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South Africa's clean energy transition requires $30 billion investment

By Edith Mutethya in Nairobi, Kenya | chinadaily.com.cn | Updated: 2022-03-29 20:32

As South Africa gears up to transition from fossil fuel to renewable energy, the African Development Bank estimates the country will require more than $30 billion in capital investment.

South Africa is a major exporter of coal and depends on it for 75 percent of its energy needs.

Due to its dependency on coal, South Africa is the world's 12th-largest emitter of carbon dioxide, a reality that has attracted both internal and external pressure for the country to transition to clean energy.

According to Gwede Mantashe, the minister for mineral resources and energy, the South African government is committed to achieving a 15 percent reduction in coal power production and an 18 percent increase in renewable energy by 2030.

"We want to move from high to low carbon emissions. The Just Energy Transition plan should be about people's lives and livelihoods, particularly in coal mining areas. We must develop a concrete alternative economic program for communities in those areas," he said.

Mantashe, who spoke during a meeting with Akinwumi Adesina, president of the African Development Bank, said the government was planning to generate additional 1,500 megawatts of electricity from coal.

"We want to be actively involved in the experiment for cleaner coal production technology, including carbon capture and storage. If the experiment works, we'll expand it and that will reprieve coal as a commodity," he said.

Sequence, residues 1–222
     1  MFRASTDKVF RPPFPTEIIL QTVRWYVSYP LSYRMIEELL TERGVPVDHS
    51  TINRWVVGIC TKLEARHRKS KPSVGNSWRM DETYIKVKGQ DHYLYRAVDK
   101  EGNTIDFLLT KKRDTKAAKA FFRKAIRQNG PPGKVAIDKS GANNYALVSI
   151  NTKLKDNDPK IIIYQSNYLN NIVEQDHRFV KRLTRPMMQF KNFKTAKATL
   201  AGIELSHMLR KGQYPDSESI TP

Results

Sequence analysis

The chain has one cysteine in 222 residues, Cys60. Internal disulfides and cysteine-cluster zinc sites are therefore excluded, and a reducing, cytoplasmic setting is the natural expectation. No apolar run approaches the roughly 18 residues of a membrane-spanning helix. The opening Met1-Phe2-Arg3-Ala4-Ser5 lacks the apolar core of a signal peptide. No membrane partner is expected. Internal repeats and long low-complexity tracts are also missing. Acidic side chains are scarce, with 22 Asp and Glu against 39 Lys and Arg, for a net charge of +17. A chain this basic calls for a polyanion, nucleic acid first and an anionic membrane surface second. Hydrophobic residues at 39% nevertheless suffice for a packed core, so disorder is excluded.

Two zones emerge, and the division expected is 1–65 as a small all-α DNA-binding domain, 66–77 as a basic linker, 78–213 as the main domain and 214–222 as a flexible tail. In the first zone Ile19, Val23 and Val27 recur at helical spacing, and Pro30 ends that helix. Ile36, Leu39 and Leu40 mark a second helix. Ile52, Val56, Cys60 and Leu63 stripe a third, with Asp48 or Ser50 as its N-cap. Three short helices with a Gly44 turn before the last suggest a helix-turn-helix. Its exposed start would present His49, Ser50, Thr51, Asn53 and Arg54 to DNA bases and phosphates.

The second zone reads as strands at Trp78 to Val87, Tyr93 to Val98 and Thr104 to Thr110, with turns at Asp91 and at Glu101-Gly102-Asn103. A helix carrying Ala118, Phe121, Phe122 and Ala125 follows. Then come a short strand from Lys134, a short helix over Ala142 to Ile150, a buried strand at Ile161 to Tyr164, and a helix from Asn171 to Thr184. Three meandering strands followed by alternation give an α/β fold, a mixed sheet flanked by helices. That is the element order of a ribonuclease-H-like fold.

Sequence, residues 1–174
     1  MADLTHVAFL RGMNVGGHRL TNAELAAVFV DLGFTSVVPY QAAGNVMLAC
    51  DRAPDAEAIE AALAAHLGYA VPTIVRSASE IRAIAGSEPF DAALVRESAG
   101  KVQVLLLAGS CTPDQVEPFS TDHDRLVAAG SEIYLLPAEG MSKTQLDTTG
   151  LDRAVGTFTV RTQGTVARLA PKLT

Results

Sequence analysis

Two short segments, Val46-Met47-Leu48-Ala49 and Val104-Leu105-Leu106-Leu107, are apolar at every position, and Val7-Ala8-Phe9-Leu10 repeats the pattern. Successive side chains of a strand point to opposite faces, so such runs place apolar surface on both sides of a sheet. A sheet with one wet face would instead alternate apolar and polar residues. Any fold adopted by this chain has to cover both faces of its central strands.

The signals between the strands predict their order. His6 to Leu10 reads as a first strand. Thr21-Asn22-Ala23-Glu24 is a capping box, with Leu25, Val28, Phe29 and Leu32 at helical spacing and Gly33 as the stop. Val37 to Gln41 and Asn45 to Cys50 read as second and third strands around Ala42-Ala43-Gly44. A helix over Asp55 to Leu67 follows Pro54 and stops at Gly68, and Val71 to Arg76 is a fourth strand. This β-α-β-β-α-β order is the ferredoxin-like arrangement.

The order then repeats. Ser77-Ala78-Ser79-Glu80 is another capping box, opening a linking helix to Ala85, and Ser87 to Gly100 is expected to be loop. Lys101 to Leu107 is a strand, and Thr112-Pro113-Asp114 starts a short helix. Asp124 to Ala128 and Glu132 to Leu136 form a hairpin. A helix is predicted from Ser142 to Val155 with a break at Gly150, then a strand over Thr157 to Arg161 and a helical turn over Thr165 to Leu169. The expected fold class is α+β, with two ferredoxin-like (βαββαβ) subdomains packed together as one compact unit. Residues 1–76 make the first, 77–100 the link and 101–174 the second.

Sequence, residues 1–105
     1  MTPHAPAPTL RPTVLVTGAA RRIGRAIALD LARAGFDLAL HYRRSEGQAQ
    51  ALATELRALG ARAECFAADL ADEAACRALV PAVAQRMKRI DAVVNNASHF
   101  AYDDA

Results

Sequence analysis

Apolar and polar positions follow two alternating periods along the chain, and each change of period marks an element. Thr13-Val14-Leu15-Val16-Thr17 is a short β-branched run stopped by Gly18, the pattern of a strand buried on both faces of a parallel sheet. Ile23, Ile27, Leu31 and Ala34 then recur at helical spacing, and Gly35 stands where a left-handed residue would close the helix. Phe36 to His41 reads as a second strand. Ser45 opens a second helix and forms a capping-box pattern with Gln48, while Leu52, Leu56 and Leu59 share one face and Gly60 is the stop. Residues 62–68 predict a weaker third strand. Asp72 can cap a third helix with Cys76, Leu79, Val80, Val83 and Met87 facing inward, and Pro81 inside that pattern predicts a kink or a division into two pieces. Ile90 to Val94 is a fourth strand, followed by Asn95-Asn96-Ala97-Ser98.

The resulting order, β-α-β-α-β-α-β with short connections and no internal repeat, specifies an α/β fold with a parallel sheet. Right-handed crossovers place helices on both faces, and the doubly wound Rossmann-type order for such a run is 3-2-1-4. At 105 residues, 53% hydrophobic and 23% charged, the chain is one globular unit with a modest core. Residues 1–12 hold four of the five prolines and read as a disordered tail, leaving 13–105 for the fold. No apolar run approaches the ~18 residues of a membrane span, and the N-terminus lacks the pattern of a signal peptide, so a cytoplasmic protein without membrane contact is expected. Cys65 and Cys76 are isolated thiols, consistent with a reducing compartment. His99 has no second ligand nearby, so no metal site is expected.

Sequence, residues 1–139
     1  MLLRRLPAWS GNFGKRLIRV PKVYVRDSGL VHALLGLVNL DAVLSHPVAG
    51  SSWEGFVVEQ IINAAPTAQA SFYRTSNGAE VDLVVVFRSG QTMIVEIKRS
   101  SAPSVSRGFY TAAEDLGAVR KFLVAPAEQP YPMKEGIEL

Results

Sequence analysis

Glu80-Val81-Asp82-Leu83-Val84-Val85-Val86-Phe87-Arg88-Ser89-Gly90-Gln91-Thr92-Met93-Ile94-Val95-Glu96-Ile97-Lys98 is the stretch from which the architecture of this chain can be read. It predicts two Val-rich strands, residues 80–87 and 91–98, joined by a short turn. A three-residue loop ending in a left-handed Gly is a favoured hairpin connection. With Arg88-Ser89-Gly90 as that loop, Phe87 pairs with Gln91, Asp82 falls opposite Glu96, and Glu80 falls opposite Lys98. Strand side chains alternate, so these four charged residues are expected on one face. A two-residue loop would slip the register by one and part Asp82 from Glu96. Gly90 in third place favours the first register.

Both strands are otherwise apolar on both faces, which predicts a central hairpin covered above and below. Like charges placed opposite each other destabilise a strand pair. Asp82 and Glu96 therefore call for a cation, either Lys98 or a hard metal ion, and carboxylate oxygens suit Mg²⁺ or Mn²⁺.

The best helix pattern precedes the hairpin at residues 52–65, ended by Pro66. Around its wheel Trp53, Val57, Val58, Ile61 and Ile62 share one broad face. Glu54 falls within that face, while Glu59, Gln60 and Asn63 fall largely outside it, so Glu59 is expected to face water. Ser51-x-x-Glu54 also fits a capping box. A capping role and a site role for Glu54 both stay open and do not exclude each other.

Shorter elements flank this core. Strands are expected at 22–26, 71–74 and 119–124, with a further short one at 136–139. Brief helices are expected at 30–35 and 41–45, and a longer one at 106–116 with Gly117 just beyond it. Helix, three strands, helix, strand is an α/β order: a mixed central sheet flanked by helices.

Adesina assured South Africa of the bank's strong support as the country transitions to renewable energy.

Towards that end, he said the bank was in the process of setting up an African Energy Transition Facility to help South Africa secure adequate financing for its energy transition.

"South Africa cannot and should not embark on the journey of energy transition without the necessary financial support," Adesina said.

"Through the African Energy Transition Facility, South Africa can leverage the $8.5 billion in grants from G7 countries to generate all the money it needs for its just energy transition without getting into debt."

In November, the governments of South Africa, France, Germany, the United Kingdom and the United States, along with the EU, announced a long-term Just Energy Transition Partnership to support South Africa's decarburization efforts.

The partnership is expected to prevent up to 1-1.5 gigatons of emissions over the next 20 years as well as support South Africa to move away from coal and accelerate its transition to a low-emission, climate resilient economy.

Adesina also urged the country to invest in solar power as part of its energy mix. "Africa today has no choice but to transition out of coal. But God is good to us. We have 11 terawatts of solar. That is Africa's future," he said.

"South Africa can help make that future happen. South Africa can and should position itself to be the lead manufacturer of polysilicon."

Polysilicon is used to manufacture solar panels and other products, which are currently imported mainly from China.

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